505 
0 

a 6.2. Determination of elastic moduli by dynamic procedures  6.3. Longitudinal and shear waves in the case of high stresses and finite strains  6.4. Restrictions concerning the elastic parameters  Exercises  7. Rock Plasticity  7.1. Historical outline  7.2. Constitutive hypotheses  7.3. Constitutive equation  7.4. Yield function and plastic potential  7.5. Example for a dilatant rock  7.6. Example of compressible/dilatant rock  7.7. Generalization of the model for finite rotations  Exercises  8. Elastic/Viscoplastic Constitutive Equations  8.1. General considerations  8.2. Experimental foundation  8.3. Constitutive hypotheses  8.4. Constitutive equations  8.5. An example for a compressible/dilatant hard rock  8.6. Examples for softer rocks  8.7. A uniaxial example  8.8. Acoustic emission  Exercises  9. Damage and Failure of Rocks  9.1. Classical shorttime failurestrength criteria  9.2. Some experimental evidence 

653 


a Geotechnical engineering

653 


a Geotechnical Engineering & Applied Earth Sciences

710 
2 

a SpringerLink (Online service)

041 
0 
7 
a eng
2 ISO 6392

989 


b SBA
a Springer Book Archives 2004

490 
0 

a Mechanics of Elastic and Inelastic Solids

856 


u https://doi.org/10.1007/9789400925540?nosfx=y
x Verlag
3 Volltext

082 
0 

a 624.151

520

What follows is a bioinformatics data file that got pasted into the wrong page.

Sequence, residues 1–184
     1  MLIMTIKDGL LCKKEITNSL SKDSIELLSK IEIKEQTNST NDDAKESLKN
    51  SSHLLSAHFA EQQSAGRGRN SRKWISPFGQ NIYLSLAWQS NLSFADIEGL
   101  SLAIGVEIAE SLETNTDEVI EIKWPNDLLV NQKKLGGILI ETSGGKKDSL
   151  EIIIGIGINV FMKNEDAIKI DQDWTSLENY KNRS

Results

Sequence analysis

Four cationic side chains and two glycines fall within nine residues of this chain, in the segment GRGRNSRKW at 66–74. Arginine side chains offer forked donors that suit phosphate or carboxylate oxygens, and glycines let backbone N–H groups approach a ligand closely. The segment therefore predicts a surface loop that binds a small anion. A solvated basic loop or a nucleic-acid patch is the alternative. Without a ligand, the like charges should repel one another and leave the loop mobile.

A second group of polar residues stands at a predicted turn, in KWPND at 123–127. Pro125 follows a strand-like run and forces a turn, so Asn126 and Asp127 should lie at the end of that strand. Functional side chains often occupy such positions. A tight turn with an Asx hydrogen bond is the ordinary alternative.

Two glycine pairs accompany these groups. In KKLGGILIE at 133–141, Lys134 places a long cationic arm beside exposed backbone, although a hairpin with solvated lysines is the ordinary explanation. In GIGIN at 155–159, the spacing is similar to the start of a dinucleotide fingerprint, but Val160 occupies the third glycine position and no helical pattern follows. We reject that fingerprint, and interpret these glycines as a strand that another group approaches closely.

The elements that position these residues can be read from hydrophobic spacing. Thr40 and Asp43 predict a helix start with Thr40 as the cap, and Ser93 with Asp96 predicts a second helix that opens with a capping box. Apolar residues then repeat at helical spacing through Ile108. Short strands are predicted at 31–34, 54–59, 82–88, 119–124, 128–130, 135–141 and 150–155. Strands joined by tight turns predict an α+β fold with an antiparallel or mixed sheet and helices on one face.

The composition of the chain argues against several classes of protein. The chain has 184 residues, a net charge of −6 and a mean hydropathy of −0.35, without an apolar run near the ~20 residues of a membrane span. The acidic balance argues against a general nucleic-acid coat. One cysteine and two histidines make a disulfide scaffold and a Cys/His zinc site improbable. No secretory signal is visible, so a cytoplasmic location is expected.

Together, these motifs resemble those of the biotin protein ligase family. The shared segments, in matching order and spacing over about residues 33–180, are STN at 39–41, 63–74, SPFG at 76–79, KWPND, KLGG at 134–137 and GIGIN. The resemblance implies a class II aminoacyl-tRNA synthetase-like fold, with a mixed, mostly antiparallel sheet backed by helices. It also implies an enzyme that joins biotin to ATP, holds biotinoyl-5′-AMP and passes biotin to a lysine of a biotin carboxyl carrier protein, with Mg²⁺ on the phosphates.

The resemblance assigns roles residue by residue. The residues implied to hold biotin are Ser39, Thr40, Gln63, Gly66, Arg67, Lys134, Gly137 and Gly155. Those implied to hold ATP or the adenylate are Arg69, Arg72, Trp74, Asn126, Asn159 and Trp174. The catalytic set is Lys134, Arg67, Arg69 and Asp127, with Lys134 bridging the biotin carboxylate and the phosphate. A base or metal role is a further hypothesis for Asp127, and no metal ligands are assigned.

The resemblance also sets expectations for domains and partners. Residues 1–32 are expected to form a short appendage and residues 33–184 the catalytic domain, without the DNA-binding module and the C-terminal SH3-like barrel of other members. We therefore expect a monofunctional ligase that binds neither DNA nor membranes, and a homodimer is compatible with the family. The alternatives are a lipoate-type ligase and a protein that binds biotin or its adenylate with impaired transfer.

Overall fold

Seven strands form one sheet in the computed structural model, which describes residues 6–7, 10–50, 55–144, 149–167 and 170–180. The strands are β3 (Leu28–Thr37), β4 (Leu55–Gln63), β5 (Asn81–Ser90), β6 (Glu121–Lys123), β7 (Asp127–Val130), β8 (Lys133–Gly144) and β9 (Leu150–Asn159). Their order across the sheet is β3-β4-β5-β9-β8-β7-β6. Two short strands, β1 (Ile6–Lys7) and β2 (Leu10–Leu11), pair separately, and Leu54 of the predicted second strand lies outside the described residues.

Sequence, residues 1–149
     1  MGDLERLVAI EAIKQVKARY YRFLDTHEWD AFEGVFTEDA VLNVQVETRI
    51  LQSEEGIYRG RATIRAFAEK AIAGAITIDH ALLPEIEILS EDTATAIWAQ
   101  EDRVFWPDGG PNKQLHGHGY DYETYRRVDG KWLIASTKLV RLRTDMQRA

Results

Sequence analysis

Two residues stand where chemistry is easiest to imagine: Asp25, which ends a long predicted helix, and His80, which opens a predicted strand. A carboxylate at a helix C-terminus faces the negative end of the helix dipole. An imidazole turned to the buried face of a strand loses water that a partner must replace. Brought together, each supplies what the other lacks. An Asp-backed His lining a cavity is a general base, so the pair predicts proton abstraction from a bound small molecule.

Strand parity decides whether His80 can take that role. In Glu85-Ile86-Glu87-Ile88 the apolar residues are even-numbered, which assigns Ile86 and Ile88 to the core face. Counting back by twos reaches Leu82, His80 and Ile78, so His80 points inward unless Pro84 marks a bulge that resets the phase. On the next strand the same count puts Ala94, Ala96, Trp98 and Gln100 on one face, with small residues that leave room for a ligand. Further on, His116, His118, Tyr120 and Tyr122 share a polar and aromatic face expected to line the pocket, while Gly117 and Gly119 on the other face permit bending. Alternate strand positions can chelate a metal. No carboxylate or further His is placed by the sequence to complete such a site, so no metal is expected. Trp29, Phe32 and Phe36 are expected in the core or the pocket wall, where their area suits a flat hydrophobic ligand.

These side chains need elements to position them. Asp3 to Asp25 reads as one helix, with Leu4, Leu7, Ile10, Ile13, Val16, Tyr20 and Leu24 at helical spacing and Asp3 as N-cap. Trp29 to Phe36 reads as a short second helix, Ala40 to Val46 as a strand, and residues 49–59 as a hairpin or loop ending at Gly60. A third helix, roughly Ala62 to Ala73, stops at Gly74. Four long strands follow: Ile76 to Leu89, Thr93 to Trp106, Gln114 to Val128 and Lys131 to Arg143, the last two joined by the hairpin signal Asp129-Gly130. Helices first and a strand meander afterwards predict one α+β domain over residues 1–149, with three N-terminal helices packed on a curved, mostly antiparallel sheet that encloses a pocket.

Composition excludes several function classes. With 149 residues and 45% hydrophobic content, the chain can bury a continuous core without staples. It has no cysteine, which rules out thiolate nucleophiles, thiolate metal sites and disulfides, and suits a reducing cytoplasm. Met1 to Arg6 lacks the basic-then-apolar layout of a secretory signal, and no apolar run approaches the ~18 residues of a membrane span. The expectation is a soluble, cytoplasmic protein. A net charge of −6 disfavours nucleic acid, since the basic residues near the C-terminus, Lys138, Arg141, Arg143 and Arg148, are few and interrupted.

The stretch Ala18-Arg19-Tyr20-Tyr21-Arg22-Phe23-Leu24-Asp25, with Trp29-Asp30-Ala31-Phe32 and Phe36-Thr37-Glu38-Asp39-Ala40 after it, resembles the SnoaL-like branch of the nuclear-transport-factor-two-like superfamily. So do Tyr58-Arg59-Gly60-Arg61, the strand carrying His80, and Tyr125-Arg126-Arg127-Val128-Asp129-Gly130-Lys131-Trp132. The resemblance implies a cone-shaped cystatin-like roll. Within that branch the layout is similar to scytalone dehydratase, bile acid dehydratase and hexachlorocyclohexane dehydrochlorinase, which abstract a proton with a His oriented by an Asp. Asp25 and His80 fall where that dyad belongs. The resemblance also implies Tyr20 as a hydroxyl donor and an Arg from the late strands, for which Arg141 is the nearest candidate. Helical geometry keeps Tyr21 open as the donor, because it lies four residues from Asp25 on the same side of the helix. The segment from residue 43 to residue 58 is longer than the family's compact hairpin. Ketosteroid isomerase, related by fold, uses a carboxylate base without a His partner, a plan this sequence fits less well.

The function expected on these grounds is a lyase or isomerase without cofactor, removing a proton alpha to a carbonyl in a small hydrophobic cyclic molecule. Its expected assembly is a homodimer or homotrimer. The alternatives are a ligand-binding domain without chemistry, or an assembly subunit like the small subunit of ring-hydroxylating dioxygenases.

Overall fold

a The present book is the result of work carried out over a period of about ten years by the author and his coworkers in order to describe more accurately the slow irreversible deformation in time of the rocks surrounding underground openings. To begin with, our efforts were directed toward a better under standing of the mechanical behaviour of rocks and to the formulation of more precise mathematical models for their dominant mechanical properties, mainly irreversible dilatancy and/or compressibility during creep. Subsequent efforts were focused on finding improved solutions to important mining and oil engineering problems, such as, for instance, the creep of rocks around wells and tunnels, shortterm failure which may occur around an underground opening, damage and failure which take place after longtime intervals, the tunnel support analysis incorporating rock creep, etc. The book is the result of a great number of questions posed either by mining engineers or by the author himself, and of the corresponding answers (unfor tunately often only partial answers). This dialogue must certainly be continued in order to improve the models and to formulate models for other kinds of rocks, or, ultimately to obtain solutions for other important engineering problems. It is hoped that the book will also contribute to a better description, by means of mathematical models, of the mechanical behaviour of rocks